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Shamrock and Thistle: Or, Young America in Ireland and Scotland. a Story of ...
Professor Oliver Optic
No preview available - 2015
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Page 131 - To feel how fair shall long be mine. Sweet Innisfallen, long shall dwell In memory's dream that sunny smile Which o'er thee on that evening fell, When first I saw thy fairy isle.
Page 23 - REMEMBER the glories of Brien the brave, Though the days of the hero are o'er ; Though lost to Mononia,* and cold in the grave, He returns to Kinkora8 no more.
Page 112 - THERE is not in the wide world a valley so sweet, As that vale in whose bosom the bright waters meet; Oh ! the last rays of feeling and life must depart, Ere the bloom of that valley shall fade from my heart.
Page 59 - THE Groves of Blarney They look so charming, Down by the purling Of sweet silent streams. Being banked with posies, That spontaneous grow there, Planted in order By the sweet rock close.
Page 23 - THE HARP THAT ONCE THRO' TARA'S HALLS, rPHE harp that once through Tara's halls •*• The soul of music shed...
Page 38 - The town of Passage Is both large and spacious, And situated Upon the say. 'Tis nate and dacent, And quite adjacent To come from Cork On a summer's day ; There you may slip in To take a dipping, Foment the shipping That at anchor ride ; Or in a wherry Cross o'er the ferry To Carrigaloe, On the other side.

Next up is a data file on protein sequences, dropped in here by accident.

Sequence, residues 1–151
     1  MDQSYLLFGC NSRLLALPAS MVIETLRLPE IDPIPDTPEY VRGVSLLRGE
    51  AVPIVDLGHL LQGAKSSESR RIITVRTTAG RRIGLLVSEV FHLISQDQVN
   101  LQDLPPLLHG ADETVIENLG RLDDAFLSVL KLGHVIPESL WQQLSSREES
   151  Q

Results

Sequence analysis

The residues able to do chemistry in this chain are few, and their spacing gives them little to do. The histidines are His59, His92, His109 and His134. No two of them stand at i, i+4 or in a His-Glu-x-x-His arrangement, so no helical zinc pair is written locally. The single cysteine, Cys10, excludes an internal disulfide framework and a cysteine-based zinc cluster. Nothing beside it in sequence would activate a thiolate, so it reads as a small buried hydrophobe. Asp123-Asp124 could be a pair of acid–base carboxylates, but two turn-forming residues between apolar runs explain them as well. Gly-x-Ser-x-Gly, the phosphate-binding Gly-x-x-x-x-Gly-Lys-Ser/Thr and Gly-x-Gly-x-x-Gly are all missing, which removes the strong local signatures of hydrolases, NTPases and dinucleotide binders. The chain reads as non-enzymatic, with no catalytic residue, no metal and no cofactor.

Page 183 - Fin at last applied to the king, who perhaps not daring to question the doings of such a weighty man, gave him leave to construct a causeway right to Scotland, on which the Scot walked over and fought the Irishman. Fin turned out victor, and with an amount of generosity quite becoming his Hibernian descent, kindly allowed his former rival to marry and settle in Ireland, which the Scot was...
Page 130 - See, They spring for me, Those leafy gems of morning ! " — Says Love, " No, no, For me they grow, My fragrant path adorning.